On November 2, 1950, Marine Corps Lieutenant Kurt Chew-Een Lee struck out ahead of his unit in the midst of a blizzard in the mountains of Northeast Korea. Lee commanded a machine-gun platoon in First Marine Division, and they were facing advancing Chinese troops deployed to aid North Korean forces. By drawing enemy fire and yelling phrases in Mandarin, he confused and exposed the position of Chinese units. His bravery enabled his unit to take a Chinese-occupied base, despite their significantly lower numbers.
Lee died last week at the age of 88. For his heroism during the Korean War, he received the Navy Cross, the Silver Star, and two purple hearts, and before retiring in 1968, he rose to the rank of major. Born in northern California in 1926, Lee became the first Chinese-American Marine in 1946. As the only Asian American in his unit, Lee initially faced his fare share of prejudice and racism from fellow Marines and those under his command. Driven by a sense of patriotism, Lee earned their respect, though. "I wanted to dispel the notion about the Chinese being meek, bland and obsequious," he told the Los Angeles Times in 2010.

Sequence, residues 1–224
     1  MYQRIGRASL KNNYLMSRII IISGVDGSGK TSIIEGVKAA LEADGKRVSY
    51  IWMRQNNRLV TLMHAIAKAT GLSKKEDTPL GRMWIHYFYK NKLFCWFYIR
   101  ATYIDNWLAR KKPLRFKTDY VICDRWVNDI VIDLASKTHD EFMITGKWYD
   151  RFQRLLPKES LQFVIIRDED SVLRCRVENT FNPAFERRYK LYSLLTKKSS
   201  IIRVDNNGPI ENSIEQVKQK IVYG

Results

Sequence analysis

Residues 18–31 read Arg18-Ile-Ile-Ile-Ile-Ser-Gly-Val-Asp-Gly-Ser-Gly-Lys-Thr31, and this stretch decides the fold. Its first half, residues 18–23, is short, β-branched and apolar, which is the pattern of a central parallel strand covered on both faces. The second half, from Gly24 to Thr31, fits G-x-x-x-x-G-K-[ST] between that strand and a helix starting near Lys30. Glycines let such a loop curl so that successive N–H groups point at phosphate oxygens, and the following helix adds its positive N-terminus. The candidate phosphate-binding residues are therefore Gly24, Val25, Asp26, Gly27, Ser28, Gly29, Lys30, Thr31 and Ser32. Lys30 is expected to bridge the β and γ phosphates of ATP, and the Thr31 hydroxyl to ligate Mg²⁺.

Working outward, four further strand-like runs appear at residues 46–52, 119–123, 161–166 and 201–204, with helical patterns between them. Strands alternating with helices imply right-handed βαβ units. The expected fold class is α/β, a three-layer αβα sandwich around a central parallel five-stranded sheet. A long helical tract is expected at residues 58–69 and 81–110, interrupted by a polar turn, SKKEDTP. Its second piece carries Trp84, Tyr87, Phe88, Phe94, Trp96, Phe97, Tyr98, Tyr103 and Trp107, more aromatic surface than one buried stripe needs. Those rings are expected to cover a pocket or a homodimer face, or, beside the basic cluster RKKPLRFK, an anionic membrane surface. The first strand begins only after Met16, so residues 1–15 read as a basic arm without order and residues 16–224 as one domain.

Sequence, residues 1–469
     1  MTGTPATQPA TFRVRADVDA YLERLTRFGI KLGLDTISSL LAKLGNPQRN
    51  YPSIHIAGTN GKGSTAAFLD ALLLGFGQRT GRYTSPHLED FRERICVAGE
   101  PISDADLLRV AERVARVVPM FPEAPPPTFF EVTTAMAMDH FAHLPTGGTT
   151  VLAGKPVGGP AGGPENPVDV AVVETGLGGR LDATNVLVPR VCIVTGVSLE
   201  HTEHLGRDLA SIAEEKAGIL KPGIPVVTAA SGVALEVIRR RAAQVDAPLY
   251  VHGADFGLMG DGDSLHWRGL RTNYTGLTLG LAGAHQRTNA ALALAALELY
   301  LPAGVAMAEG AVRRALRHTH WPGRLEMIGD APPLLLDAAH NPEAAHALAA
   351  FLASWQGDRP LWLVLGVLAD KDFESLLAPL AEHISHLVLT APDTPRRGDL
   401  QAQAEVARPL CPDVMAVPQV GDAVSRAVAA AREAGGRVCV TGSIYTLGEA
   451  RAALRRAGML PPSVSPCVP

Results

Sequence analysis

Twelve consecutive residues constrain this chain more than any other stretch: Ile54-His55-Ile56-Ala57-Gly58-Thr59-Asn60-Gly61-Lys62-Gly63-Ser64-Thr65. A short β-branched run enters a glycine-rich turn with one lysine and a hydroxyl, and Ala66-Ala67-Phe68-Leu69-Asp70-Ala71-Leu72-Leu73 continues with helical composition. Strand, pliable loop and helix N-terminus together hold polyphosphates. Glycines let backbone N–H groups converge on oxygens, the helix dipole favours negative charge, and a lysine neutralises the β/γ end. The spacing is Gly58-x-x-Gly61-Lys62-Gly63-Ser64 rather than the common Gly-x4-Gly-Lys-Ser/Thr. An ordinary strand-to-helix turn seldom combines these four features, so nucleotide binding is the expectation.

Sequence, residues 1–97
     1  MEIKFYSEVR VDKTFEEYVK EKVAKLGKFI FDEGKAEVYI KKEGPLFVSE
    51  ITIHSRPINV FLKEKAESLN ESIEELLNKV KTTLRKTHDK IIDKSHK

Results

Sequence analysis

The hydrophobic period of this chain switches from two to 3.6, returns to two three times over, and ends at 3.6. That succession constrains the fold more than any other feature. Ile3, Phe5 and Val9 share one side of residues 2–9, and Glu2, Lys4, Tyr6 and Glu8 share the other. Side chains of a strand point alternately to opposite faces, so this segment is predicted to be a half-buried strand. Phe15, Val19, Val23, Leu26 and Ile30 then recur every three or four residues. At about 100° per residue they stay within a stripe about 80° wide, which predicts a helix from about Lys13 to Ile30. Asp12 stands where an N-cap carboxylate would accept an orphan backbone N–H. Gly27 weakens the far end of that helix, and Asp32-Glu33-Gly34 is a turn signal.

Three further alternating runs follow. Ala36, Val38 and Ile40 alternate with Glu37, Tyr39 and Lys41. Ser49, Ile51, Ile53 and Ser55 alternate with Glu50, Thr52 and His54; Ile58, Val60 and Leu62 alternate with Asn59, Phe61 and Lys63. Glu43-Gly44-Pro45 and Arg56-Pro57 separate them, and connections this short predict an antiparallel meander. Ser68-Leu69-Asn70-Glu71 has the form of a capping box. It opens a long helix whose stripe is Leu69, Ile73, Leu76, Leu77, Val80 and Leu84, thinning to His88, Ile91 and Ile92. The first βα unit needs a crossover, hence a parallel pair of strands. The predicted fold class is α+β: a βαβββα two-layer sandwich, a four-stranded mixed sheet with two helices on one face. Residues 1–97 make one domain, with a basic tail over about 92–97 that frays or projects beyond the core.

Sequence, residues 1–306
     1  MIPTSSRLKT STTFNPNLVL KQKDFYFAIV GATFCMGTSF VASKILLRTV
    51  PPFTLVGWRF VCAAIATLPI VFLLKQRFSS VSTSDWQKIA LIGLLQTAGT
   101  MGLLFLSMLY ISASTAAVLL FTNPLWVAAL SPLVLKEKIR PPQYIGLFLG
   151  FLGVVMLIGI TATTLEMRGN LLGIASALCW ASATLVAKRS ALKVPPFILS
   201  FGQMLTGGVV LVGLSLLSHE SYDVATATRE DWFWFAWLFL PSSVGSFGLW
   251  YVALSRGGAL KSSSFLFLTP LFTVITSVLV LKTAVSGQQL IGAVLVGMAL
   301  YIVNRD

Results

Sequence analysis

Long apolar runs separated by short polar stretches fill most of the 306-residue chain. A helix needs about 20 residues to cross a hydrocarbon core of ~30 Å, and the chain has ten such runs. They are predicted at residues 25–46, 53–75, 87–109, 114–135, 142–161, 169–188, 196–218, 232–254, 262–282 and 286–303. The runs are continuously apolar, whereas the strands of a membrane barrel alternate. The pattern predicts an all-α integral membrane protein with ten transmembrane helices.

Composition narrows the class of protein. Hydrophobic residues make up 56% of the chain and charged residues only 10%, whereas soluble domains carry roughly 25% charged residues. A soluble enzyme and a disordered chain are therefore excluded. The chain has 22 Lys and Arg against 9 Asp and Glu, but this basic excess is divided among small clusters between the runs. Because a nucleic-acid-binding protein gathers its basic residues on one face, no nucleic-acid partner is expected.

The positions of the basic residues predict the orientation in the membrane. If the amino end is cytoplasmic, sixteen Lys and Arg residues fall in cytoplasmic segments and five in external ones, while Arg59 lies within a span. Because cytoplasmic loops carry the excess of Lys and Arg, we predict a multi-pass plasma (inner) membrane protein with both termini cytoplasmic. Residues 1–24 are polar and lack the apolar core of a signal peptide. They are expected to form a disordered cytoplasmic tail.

Around 20,000 Chinese Americans served in World War II, and many served in Korea, as well, including two of Lee’s brothers. Following World War II, the U. S. Army dropped the designation “Asian American” and abolished segregated units. As a result, exact estimates of the number of Chinese Americans who served in Korea remain unknown.
In 2010, the Smithsonian Channel produced a documentary called “Uncommon Courage: Breakout at Chosin," which focused on one of Lee’s most famous exploits. In December of 1950, he lead 500 marines on a rescue mission to save another unit of 8,000 men at the battle of Chosin reservoir. For more on Kurt Chew-Een Lee and his heroic story, take a look at these clips.